Thursday, February 28, 2013

Some things never change

'Let's go and visit the catacombs,' says I. 'The ancient underground burial site for Christians.'

You see, I knew what it was so why the fact that we had to go underground to see the tombs should surprise me is anybody's guess. I don't like heights and I don't like depths. We'd gone about 5 minutes with our guided tour group into this underground warren when the reality hit me and I whispered to Husband, 'I don't think I can do this.'

As I couldn't have found my way out on my own I didn't have a lot of choice but I was starting to get panicky - bit like when I went to the opticians' but that's another story - but Husband said, 'Yes, you can. Just concentrate on what he's saying.'

The guide must have thought I was a hugely interested and attentive listener as I focused all my thoughts on him and tried to ignore the sweating and slightly sick feeling.

Anyway it worked although if he'd said, 'Now we're going down to the third level,' I'd definitely have thrown a wobbly. A fascinating place, these particular catacombs are said to have contained the body of Peter, the apostle, before Christianity was legalised and his bones moved to what is now under St. Peter's Basilica.

And the things that never change? When the catacombs were excavated they found graffiti on the walls. Not your usual Sally loves Johnny type stuff, but prayers to Peter and, I think, Paul. Photos weren't allowed to be taken in the tombs so I've had to rely on postcards.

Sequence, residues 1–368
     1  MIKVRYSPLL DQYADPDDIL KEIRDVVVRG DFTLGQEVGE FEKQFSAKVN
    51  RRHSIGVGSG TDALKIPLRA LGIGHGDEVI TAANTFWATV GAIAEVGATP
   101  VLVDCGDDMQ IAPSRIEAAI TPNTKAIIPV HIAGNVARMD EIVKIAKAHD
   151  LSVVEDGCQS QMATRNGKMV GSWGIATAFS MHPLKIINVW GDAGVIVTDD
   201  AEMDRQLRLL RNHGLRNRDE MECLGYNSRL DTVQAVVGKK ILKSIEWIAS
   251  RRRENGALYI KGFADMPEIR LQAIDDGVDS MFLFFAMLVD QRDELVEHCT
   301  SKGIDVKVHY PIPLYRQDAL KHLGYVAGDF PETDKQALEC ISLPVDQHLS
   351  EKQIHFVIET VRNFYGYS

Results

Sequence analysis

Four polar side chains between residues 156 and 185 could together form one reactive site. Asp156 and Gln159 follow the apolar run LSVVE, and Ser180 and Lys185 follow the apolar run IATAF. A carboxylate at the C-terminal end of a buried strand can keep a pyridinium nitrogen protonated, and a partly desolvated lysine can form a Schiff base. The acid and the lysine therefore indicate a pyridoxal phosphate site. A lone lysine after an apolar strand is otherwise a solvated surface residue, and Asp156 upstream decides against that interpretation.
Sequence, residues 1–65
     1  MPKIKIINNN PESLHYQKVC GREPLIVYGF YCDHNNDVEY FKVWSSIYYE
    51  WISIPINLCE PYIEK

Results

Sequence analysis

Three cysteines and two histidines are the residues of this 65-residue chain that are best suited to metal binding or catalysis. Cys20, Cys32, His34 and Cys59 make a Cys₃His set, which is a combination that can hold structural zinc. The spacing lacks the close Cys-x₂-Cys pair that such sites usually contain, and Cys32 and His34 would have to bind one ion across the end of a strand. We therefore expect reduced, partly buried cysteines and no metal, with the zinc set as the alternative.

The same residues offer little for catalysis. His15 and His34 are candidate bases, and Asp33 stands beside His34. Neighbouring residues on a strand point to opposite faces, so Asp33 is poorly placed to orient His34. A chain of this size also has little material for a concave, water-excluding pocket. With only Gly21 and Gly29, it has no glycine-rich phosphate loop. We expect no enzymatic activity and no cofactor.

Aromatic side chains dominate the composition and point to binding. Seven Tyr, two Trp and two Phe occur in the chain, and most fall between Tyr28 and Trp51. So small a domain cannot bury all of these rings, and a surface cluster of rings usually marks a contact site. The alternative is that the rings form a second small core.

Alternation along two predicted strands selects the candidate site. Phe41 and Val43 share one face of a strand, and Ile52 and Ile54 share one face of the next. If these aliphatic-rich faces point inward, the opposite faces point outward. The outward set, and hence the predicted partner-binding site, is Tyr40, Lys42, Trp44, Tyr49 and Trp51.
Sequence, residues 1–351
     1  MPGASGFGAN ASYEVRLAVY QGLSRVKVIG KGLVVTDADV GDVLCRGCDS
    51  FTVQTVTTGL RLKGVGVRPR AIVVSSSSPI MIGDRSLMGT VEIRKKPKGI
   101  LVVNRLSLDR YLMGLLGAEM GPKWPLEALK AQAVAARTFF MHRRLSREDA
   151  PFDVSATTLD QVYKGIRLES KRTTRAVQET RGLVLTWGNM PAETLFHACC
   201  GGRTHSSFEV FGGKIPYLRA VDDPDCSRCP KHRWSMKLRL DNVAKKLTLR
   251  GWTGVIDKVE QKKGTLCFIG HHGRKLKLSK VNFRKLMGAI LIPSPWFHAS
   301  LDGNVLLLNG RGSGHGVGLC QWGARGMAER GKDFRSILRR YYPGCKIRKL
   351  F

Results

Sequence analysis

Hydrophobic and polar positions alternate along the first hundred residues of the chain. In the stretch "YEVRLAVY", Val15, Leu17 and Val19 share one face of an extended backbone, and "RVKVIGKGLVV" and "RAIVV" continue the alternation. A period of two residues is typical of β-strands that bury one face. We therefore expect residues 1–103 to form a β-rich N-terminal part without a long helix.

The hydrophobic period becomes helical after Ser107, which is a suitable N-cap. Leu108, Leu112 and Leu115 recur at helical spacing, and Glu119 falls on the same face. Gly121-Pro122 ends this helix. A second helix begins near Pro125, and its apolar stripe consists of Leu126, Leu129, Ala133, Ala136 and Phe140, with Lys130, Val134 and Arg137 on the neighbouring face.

Back then there was nothing the typical Roman family liked more than a day out at the Colosseum to watch a  few men killing each other. It was a long day so the families would take picnics or barbecues as well as craft work, music or writing. 














But then as now, put a group of men together supposedly in the name of sport and they'll drink so, as Martial recorded, wine was rationed to avoid trouble on the terraces. 'Twas ever thus.

(The arena sat over 40,000. Below the 'main stage' you can see where the animals or prisoners were kept before being brought out to face the braying crowd. Below, an artist's impression of how it might have looked.)


5 comments:

Furtheron said...

The Coliseum is an amazing place. I made the family all walk to an amphitheatre outside Cirencester... it is like a big grass bank - they weren't impressed they had expected the Coliseum!

Leslie: said...

I went to the Colisseum, but not the Catacombs. But at the Vatican, we did go down into where the popes are buried. A bit creepy, but I did get a good shot of Pope Paul's spot as I was hustled past.

Liz said...

The way the ruins have survived so well for so long is incredible, furtheron.

We missed that bit, leslie.

nick said...

I wonder if the Colosseum is better left as a semi-ruin or whether it should be completely restored. I think on balance the semi-ruin is more atmospheric and should be left as it is.

Liz said...

I think so, nick. There is another old arena place that is half in ruins but has apartments built on top!